Pet Care

 WA Robb

Keep your pet happy and healthy

At WA Robb our job is to keep your pet happy and healthy. Our vets have years of experience caring for small domestic animals and will provide you with helpful advice and support to make sure you feel confident caring for your best friend.

CARING FOR YOUR PET

If your dog, cat or rabbit is feeling a little under the weather, or just needs a general check-up book an appointment to come in and see us. WA Robb specialise in helping you keep your pet healthy and happy, while giving you useful advice to make caring for your pet easier.

PETS AND FIREWORKS

Firework season can be scary for our pets – both dogs and cats can be frightened when faced with the loud bangs and flashes. It is important to remember that other pets might not show outward signs of distress but can also find the loud noises upsetting – birds, rabbits, and guinea pigs for example.

The ideal time to start working on helping a pet over the firework season is a couple of months before, before the nights start to draw in. Desensitisation programmes using sound CDs have been shown to be the most effective way of helping your pet, but if you have missed this window, there are other things you can do:

DOGS AND CATS

  • Don’t walk dogs in the dark around firework time. Keep cats indoors after dark.
  • Make sure they have a safe place to hide – this could be under a bed, in their crate or bed, or behind furniture. Cats like to be high up so maybe clear the top of a wardrobe.
  • At night close windows and curtains and turn a radio or TV on at low levels to reduce the noise coming from outside
  • Act normally – if you get anxious your dog will pick up on this and make the fear worse.
  • Don’t punish them for acting scared, but don’t overdo the reassurances either – this can reinforce the thought that there is something to be worried about. Praise calm behaviour.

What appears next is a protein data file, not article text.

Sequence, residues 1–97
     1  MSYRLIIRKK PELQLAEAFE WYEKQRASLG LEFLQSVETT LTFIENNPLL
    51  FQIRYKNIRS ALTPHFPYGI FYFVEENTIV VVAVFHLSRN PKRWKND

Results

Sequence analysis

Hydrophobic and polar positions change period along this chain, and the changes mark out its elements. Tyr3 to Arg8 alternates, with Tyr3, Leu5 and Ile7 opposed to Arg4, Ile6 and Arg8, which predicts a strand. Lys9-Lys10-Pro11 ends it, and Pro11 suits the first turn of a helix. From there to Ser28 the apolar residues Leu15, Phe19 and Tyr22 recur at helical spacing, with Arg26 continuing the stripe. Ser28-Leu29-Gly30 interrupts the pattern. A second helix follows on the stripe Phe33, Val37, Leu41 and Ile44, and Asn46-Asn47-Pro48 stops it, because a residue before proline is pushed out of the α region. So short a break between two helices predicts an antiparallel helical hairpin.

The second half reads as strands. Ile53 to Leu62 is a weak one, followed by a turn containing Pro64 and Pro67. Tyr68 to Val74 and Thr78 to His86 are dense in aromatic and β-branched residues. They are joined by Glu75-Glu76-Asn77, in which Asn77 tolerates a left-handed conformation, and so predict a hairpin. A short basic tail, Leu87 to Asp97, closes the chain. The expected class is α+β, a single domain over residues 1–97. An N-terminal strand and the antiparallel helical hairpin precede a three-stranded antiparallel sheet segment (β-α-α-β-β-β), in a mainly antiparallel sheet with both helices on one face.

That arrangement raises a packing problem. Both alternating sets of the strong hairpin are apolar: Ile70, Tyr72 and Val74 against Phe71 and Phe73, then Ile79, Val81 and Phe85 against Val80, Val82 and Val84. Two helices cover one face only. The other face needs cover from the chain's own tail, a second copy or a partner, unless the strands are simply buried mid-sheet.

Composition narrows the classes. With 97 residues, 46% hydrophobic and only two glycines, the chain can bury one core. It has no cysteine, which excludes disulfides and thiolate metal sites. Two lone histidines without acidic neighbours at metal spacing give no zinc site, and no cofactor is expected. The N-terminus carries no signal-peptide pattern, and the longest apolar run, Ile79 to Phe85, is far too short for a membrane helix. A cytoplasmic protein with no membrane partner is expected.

• Keep external doors closed, ensure your cat is microchipped and keep your dog’s collar on, even in the house – so they can be identified if they escape and run off in a panic.

SMALL PETS

  • If your pets live outside, ideally move the cage indoors, e.g. into a shed. If the cage is too big, partially cover it with a blanket to block out some of the noise.
  • Provide extra bedding, if appropriate, for your pet to hide in.

MEDICATION AND COMPLEMENTARY TREATMENTS

  • For dogs and cats, pheromone products exist to help them cope with stressful events. Adaptil (for dogs) is available as a collar or as a diffuser. Feliway (for cats) is available as both a diffuser and a spray.
  • Some nutraceuticals can have a calming effect – Zylkene, Calmex and Nutracalm all work in similar ways and can be quite effective. Some take a few days to work and others work right away.
  • There are few prescription medications that can be trialled, but the results can be unpredictable - it is best not to rely on these, but they can be used as a last resort. Please note that for these prescription medications to be given out we must see your pet, or have seen it very recently.
  • Come and speak to us if you have any concerns, and hopefully you and your pet will find fireworks a bit less stressful!
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